- Autologous skin grafts
- Skin grafts using blisters
- Micro pigmentation (tattooing)
- Autologous melanocyte transplants
Autologous Skin Grafts:
This is most commonly used surgical method. Plastic Surgeon harvest skin grafts from the normal, pigmented skin (donor sites) and places them on the dermabraded surface of depigmented areas (recipient sites).
Skin graft procedure should never be performed in children. It should be performed in adults only if no new white patches have appeared or become worse in at least a year, and if the vitiligo was not originally triggered by damaging the skin due to a sever sunburn. Such skin grafts are used as sheets of graft or as small stamp grafts with Meek Micro-grafting technique. Sheets of split skin grafts produce uniform pigmentations with no cobblstoning.
Skin Grafts Using Blisters:
In this procedure, the Plastic Surgeon creates blisters on the patient’s pigmented skin by using heat, suction, or freezing cold. The tops of the blisters are then cut out and transplanted to a depigmented skin area. This technique is very much time consuming and hence not commonly used.
Tattooing implants pigment into the skin with a special surgical instrument. This procedure works best for the lip area, particularly in people with dark skin; however, it is difficult for the doctor to match perfectly the color of the skin of the surrounding area. Tattooing tends to fade over time. In addition, tattooing of the lips may lead to episodes of blister outbreaks caused by the herpes simplex virus.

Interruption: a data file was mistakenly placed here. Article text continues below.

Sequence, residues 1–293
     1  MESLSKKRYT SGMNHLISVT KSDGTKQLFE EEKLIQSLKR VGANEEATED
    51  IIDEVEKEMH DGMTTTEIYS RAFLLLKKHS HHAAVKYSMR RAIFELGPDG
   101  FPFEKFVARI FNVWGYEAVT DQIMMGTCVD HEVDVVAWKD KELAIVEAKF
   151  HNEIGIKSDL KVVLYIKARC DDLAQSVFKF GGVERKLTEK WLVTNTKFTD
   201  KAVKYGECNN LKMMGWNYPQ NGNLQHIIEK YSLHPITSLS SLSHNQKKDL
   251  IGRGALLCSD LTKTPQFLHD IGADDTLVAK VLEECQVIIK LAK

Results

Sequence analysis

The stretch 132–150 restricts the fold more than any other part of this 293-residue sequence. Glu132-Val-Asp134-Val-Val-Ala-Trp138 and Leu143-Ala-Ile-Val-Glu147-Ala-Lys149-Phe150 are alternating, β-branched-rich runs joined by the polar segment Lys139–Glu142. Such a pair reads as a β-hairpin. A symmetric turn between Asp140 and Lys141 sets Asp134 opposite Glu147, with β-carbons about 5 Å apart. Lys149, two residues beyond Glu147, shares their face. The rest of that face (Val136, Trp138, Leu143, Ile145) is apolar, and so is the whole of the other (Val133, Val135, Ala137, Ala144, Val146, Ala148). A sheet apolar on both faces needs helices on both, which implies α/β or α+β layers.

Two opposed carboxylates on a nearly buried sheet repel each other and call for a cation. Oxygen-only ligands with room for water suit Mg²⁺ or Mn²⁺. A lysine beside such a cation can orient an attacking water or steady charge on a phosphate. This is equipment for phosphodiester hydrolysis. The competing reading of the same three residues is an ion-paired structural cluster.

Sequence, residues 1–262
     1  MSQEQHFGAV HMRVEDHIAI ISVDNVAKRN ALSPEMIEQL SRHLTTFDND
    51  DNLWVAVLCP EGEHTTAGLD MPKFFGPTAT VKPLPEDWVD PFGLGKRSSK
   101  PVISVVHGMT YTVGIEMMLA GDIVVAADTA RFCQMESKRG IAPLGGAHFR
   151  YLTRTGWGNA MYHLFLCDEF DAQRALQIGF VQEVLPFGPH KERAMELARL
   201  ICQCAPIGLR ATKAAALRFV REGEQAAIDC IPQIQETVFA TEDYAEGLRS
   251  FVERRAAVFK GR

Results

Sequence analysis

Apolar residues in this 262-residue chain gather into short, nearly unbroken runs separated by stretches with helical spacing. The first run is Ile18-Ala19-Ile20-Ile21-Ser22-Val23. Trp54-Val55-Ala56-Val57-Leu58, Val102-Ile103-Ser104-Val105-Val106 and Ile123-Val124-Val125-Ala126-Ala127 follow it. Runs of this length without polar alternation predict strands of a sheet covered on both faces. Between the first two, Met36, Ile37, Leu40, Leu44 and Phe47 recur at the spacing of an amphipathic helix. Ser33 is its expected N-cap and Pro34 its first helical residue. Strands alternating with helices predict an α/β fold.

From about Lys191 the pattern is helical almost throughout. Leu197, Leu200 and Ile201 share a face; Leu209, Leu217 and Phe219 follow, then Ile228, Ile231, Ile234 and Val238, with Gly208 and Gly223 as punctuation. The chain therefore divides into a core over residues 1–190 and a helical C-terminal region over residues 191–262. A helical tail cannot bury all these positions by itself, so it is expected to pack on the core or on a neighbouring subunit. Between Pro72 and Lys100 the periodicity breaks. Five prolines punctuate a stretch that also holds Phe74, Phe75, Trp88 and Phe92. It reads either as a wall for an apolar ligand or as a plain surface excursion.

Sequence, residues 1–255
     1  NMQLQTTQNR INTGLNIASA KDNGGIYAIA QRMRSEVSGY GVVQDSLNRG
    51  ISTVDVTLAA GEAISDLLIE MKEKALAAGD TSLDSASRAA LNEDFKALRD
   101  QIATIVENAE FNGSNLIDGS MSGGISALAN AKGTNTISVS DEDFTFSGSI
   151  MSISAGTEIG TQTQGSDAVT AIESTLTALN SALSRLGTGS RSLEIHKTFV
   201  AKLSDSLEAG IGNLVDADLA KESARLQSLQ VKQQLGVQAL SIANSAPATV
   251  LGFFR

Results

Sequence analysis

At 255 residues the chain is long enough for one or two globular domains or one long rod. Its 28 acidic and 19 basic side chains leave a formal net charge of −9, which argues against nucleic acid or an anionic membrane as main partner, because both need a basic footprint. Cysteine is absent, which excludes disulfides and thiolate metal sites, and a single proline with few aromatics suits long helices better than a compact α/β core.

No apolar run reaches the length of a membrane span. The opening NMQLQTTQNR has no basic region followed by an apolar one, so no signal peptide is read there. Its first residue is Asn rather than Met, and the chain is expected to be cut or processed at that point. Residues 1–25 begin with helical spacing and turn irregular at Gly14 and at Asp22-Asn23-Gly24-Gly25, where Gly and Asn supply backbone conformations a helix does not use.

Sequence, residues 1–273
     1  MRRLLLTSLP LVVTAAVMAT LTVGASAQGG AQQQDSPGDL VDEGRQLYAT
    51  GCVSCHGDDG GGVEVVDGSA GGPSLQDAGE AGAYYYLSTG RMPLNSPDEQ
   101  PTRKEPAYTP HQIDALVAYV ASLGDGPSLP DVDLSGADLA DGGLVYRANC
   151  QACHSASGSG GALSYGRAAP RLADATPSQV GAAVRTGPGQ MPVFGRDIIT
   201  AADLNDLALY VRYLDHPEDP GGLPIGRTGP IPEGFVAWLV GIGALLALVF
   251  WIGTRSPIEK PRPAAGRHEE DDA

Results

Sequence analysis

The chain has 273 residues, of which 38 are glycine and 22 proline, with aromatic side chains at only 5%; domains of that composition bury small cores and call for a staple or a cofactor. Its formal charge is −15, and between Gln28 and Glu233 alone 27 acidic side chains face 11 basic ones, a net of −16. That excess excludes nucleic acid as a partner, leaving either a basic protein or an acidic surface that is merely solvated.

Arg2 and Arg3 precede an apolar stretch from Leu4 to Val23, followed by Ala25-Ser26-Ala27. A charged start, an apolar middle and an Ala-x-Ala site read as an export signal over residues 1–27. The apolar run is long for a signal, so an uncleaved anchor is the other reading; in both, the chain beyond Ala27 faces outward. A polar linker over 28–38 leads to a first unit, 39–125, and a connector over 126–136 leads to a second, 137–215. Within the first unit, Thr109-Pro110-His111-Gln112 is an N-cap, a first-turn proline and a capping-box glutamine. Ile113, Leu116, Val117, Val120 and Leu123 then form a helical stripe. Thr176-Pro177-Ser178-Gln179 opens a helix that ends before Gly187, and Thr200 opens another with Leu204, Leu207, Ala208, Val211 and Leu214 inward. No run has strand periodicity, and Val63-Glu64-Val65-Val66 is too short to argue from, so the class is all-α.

Cultured Autologous Melanocyte Transplants:
In this procedure, plastic surgeon takes a sample of the patient’s normal pigmented skin and send it to a laboratory for special cell culture to grow melanocytes. When the melanocytes in the culture solution have multiplied, surgeon transplants them to the patient’s depigmented skin patches. This technique allows larger areas to be treated in a single session using relatively smaller donor site. Also color matching of treated areas is excellent. This sophisticated technique needs a special laboratory for culture.
Non-cultured Autologous Melanocyte Transfer:
It consists of separation of epidermal cells obtained from donor site & spreading these cells as a suspension on the depigmented & dermabraded recipient area. This technique allows larger areas to be treated in a single session using relatively smaller donor site. Also color matching of treated areas is excellent.